Apathy, when practised with sufficient shamelessness, can begin to look almost magical.
On Sunday at Etihad Stadium, the Eagles were magnificent in their brazen, unrelenting disinterest. A dreadful, unremarkable game transformed into the most remarkable game of the weekend with its dreadfulness reaching levels of transcendence.
It was, backwardly, a breathtaking spectacle. An uninspiring canvas of two middling teams was made beautiful by West Coast choosing to paint with such impassioned indifference. Their final quarter was a bedazzling guidebook to how football must not be played.
The Eagles didn’t just ‘not care’ – they aggressively did not give a single fuck about winning the game. They stood by and let the loss happen, earphones in while the wayward executioner walked towards them.
At stoppages, Adam Treloar and Taylor Adams attacked the tap on the run and crashed their bodies into other bodies at maximum force if they didn’t win the ball. Dom Sheed, Luke Shuey, Andrew Gaff and Matt Priddis remained stationary, waiting for everything to be done for them, almost like someone wanting the Uber driver to knock on their door, get them dressed, and carry them to the vehicle before taking them to their destination.
Those four, and eight other Eagles, failed to register a single contested possession in the final quarter – either the most damning or comical stat of the season.
While Magpie players, two down on rotations and with nothing tangible to play for beyond pride, attacked the ball with fury, the Eagles hovered listlessly around it, as though the contest were a burning rock, and just being in its vicinity would be good enough to stay warm. They only went to apply pressure when it would have been too glaringly embarrassing not to. Even then, they were one-effort, token gestures.
The 20-second passage that unfolded with 13:51 remaining in the fourth quarter was perhaps the season’s most disgraceful sequence. There were, conservatively, 12 opportunities for West Coast players to lay tackles. Zero stuck, and Magpies navigated the congestion with ease, inches of space made to feel like acres, as Eagles waited for teammates to do something, actors going through the motions of performing what tackling pressure is supposed to look like.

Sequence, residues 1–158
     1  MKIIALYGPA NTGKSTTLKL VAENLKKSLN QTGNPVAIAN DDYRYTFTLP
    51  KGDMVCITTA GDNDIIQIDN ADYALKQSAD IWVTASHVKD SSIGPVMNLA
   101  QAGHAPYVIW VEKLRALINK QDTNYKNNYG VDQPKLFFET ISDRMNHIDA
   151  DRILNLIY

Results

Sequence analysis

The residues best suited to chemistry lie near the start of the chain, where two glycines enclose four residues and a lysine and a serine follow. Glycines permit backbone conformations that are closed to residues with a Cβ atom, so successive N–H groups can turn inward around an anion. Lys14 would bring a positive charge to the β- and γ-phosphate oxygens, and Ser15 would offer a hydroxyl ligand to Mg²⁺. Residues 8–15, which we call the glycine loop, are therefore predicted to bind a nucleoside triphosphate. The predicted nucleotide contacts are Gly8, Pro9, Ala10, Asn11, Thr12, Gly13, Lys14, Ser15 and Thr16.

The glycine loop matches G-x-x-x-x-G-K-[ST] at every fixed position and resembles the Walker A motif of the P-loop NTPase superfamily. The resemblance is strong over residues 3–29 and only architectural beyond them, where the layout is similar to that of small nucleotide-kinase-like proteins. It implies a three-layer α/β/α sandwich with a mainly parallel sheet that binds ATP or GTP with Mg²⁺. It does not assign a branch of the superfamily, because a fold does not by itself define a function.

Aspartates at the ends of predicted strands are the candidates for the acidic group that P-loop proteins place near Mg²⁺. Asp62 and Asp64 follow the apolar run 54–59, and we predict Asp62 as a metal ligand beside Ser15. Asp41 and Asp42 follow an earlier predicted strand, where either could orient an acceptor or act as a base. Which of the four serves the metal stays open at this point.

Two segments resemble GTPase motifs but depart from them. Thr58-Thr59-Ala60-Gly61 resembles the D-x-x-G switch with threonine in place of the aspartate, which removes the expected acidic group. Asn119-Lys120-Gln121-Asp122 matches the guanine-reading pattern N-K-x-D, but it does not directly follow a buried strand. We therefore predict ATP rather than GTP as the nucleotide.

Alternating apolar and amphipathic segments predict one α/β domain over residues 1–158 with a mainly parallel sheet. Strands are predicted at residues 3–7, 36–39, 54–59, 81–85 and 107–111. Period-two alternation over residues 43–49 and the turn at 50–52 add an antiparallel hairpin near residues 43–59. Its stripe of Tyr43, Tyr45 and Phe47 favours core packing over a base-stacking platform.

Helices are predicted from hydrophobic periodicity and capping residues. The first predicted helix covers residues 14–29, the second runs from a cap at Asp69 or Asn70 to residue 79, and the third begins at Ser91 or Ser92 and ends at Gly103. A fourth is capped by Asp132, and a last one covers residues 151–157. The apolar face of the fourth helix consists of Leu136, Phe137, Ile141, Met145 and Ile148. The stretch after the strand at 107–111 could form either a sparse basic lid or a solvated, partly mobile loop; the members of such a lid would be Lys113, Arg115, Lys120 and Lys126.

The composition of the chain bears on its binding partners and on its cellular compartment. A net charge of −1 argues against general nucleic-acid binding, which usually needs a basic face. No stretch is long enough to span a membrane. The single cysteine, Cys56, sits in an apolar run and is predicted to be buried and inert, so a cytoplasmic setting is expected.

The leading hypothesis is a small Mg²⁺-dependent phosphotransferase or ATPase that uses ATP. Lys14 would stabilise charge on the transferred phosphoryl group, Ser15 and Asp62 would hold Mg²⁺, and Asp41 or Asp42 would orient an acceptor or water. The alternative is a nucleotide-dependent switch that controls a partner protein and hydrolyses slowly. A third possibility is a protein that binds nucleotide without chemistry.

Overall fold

It was fitting too, that the forward thrust that led to Jamie Elliott’s goal to give Collingwood the lead was set up by a farcical absence of intensity. Tom Langdon found the ball deep in defence and then, as is his nature, waltzed a little too coolly inside defensive 50. Mark LeCras, Jamie Cripps and Josh Kennedy were all near him, but none moved towards him. They just waited for him to kick the ball.
Langdon ran straight past Kennedy, with an unsophisticated move that wasn’t exactly a Kyrie Irving crossover (it was more the old ‘I’m going to start running to my right, now’ move), Kennedy flailed his arm hopelessly, and Cripps, the ultimate ‘aw, shucks’ footballer, briefly, oh so briefly, gestured to run, as if to say ‘yeah, fuck, I really should have done something there instead of nothing’.
We can talk about what this means in the broader scheme of this season, and this club, fresh off an underwhelming 2016 and a 2015 that ended with one of the more reprehensible Grand Final showings in recent AFL history. We can talk about how the Frenchman Mark LeCras is probably now more suited to playing at France’s highest level of Aussie Rules than Australia’s, or how Nic Naitanui has papered over the cracks of a below-average midfield (and, it turns out, when he’s gone, all that’s left is ‘cracks’). We can talk about how the Eagles have lost the contested possession count in seven of their eight road games this year, five times by 19+.
For now though, let’s just delight in the debacle, and relish the fact that a team that had premiership aspirations before the season is now left in a place where it could learn a thing or two from Jarryd Blair.